Saturday, November 5, 2011

Nice is the New Black

I took a moment from shovelling up after Halloween to check in with the online opinionating regarding our upcoming elections.  I ran across this gem and just had to share:

Now, just because I won’t talk about what they said, doesn’t mean I can’t say this. Neither one of the candidates who responded agree with me on everything but I still I had some really pleasant email with one of them. This process has taught me what I WILL HAPPILY editorialize about: we need to remember that candidates, no matter how high the office, are people. Yes, real, actual, living breathing people, with lives and families, and their own problems, issues, concerns, experiences and filters. Just because some of their positions differ from mine doesn’t make these guys wrong or stupid or dense or ANYTHING. It just makes them different from me on these particular positions. Period. End of story. We get to make ZERO inferences or conclusions about the rest of their lives. A plus B does not necessarily equal C. 
All of us must step back during our political rhetoric and keep that in mind. It’s time to be nice. 
We need to be nice to Sarah Palin and we need to be nice to Barrack Obama. We need to stop attacking Tea Partiers and Democrats and Republicans. We need to find common ground. Who we pick for Mayor isn’t necessarily going to change America’s political landscape but we can certainly try to start acting differently here in Dunwoody. Shoot, after the name calling during the school districting process, it’s long over due. 
Spread the word: Nice is the new Black.

Dude I have no idea who you are but I'm glad I'm not alone in the universe who sees all of the people in our process as people first, people during the election, and people afterward, no matter how it turns out.

Check him out at http://howplanet.wordpress.com/

Friday, November 4, 2011

Dave FM Big Show for Little Voices - Tune in and Pledge!

This weekend is the annual Childrens Miracle Network radiothon, this year broadcast by DaveFM from CHOA-Egelston.  Listen in, call in, and pledge your support for CMN.  Local funds raised STAY local through CHOA hospitals.  Including Scottish Rite in Sandy Springs.  If you're a parent, you've made at least one trip to this establishment, which means you have benefitted from CMN and radiothons just like this one.

My Phi Mu sisters and I will be taking pledges via phone throughout the day.  Stay tuned for pictures on Facebook!

Wednesday, November 2, 2011

Opportunity Knocking - Return of the Housecall

The other day I received an email from my son's playgroup list about her friend's hairdressing service.  Due to the same life and family demands many of us parents face, she created a new opportunity for herself.  Parts of the email are reproduced below, emphases are added.

Just wanted to share some info in case some of you other moms find it helpful.  I had a hair dresser that I loved before Alexa was born but she got pregnant as well and decided to stay at home with her son.  The fact is she loves cutting and doing hair so in her town she has started going to women's homes on the weekends and doing their hair in the homes to give them the convenience of not having to find someone to watch their kids.  I just recently made contact with her again and every other Friday she drives to Atlanta and does hair  so I got to have my hair done at my house this past Friday.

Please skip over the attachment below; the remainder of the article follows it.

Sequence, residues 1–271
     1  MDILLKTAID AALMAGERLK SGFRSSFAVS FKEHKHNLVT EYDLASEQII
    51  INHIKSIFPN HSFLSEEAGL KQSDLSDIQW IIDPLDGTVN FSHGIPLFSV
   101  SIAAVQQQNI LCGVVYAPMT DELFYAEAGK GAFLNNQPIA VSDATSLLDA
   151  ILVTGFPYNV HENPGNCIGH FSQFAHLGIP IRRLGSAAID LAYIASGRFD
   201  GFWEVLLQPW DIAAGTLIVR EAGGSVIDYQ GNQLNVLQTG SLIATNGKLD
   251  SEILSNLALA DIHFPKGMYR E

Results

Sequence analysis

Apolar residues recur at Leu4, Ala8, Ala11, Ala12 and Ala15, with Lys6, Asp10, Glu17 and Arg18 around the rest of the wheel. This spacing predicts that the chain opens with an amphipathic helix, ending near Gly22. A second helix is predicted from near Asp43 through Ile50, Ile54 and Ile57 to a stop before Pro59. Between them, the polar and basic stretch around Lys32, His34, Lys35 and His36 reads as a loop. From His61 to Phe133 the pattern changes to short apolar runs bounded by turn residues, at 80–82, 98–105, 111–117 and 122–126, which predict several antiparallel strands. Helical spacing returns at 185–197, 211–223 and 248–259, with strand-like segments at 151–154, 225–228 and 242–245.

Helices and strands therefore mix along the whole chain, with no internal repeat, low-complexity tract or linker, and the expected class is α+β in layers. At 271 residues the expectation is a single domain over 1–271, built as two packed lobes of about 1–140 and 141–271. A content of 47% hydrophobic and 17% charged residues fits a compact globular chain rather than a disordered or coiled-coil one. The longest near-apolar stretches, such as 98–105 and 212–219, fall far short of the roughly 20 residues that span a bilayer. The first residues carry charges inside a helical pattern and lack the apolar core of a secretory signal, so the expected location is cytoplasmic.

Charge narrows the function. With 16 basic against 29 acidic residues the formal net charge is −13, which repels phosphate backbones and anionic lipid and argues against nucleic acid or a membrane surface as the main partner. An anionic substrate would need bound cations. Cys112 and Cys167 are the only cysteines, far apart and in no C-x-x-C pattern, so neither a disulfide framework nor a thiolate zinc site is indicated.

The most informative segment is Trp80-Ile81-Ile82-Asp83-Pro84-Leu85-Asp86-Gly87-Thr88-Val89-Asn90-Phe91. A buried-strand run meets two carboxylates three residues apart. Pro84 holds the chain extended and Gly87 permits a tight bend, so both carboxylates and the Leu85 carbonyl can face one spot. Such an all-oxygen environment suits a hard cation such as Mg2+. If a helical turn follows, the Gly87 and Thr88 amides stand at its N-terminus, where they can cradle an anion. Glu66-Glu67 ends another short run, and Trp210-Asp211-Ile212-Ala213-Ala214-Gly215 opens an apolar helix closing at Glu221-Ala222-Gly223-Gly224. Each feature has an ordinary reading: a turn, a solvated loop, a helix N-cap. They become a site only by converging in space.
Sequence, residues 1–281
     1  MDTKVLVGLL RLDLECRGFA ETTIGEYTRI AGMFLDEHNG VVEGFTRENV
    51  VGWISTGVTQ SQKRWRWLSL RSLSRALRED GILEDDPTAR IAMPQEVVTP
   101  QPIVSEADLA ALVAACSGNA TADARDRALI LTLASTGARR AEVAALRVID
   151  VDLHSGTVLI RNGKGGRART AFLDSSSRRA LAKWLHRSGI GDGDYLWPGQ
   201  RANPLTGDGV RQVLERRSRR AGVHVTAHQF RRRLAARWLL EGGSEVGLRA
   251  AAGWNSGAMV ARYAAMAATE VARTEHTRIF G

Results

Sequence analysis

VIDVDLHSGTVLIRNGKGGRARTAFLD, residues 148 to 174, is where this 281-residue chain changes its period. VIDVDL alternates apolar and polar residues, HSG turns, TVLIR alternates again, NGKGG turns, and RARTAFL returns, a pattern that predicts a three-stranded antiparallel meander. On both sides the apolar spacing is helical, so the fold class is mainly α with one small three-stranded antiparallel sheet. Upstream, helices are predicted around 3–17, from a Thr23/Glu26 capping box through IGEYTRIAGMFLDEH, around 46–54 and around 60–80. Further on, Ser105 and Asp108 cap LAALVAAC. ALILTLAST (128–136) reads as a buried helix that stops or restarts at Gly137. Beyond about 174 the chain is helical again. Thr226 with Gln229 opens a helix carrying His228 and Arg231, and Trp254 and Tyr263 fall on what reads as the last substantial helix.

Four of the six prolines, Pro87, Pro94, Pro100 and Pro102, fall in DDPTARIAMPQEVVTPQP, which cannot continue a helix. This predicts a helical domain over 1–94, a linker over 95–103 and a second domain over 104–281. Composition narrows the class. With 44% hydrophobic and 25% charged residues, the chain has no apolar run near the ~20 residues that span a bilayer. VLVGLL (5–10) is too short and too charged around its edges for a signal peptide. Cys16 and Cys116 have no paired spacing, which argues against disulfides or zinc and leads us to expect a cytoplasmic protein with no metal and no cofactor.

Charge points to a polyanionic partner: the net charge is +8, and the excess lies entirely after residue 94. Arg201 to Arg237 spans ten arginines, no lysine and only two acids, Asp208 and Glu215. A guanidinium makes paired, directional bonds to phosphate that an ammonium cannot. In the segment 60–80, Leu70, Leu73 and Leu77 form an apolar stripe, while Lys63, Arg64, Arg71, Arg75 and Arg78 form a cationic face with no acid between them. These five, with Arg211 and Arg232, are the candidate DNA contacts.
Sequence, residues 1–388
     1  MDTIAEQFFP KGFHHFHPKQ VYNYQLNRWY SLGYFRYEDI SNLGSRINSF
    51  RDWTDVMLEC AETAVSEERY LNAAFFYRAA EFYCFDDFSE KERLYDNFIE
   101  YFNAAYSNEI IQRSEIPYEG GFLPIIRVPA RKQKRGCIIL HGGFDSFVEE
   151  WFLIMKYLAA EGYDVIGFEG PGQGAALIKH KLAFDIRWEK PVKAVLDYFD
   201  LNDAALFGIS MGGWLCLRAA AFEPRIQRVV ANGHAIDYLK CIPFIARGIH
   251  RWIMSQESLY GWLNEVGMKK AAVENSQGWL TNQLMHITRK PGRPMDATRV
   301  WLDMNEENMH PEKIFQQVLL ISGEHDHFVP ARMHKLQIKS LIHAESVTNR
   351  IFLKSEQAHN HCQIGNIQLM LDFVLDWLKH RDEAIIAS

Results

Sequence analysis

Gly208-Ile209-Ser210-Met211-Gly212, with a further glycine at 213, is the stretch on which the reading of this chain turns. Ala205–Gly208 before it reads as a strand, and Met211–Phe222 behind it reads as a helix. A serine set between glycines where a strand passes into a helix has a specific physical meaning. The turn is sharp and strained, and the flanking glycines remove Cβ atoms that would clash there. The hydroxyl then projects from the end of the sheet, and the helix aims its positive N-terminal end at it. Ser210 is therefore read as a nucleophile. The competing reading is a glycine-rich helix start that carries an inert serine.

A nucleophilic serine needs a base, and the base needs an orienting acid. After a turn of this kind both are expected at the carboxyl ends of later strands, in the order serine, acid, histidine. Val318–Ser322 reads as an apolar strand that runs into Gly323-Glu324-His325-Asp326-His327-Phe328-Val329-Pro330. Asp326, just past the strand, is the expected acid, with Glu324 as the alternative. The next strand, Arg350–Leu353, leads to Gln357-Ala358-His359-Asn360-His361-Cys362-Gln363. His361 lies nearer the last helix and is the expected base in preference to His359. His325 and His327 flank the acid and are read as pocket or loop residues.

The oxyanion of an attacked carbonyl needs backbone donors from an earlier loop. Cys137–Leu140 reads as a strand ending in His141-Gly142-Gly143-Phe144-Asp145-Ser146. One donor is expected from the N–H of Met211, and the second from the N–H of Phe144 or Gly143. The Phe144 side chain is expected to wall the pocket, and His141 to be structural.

She charges $40 for a hair cut, and charged me a total of $135 for a cut, and some high and low lights I'm not sure what her other prices are, but you can email to ask her.   She said a group of ladies in her town get together on a regular basis and have brunch and have her do the their hair in someone's home while the kids play.  She said its a lot of fun and she get mult. people's hair done while others are processing.  Could be a fun event for moms club or a play group at some point for those who wanted to try it.  I asked her if I could share her info and she said sure! 
Her facebook page is:
https://www.facebook.com/cayladoeshair  It has her number and her email on it.  
There is a number of reasons why this so simple idea is so perfect for small businesses in our town.

1)  This is Dunwoody.  You can't throw a stick without hitting a playgroup somewhere.  So if your company markets to moms, dads, and/or kids, you can meet potential customers in a group all at once.  That's a big demographic at your disposal!
2)  Because playgroups and kids' activities are so hard to balance with work (including housework, on top of  "the regular job") any chance to multitask is welcomed.
3)  Housecalls take advantage of a large loophole in the "home business" ordinances.  The Home Occupation laws say that a business owner must jump through a number of SLUP hoops - paperwork, public hearings, etc - to see customers in THEIR OWN home.  However, the ordinance is silent regarding a business owner seeing a customer in the CUSTOMER'S home.  No SLUP, no paperwork, no hearings.  In addition, there is no complaint regarding cars on the street, traffic or other objections that routinely get raised in the SLUP process.  

If your business - storefront or home-based - can be adjusted to provide housecalls, you may open up a whole new customer base and a whole new level of service that sets you apart from others in your field.  It works - I've already tried it!

Happy Wednesday!

Tuesday, November 1, 2011

Happy Halloween!

It was one helluva night last night!
Check out the photos on Patch.
I'll upload some video "views from the swamp" sometime when my desk clears.  In the mean time here's a photo I've been waiting for a month to post.  Nancy, next time, my house.  Go have a hot toddy and get over that cold!

Even Nancy's most mean-spirited detractors are human beings and deserve to be right one day out of the year.

Moving on now to All Saints Day, the real holiday in our family calendar preceded by Halloween.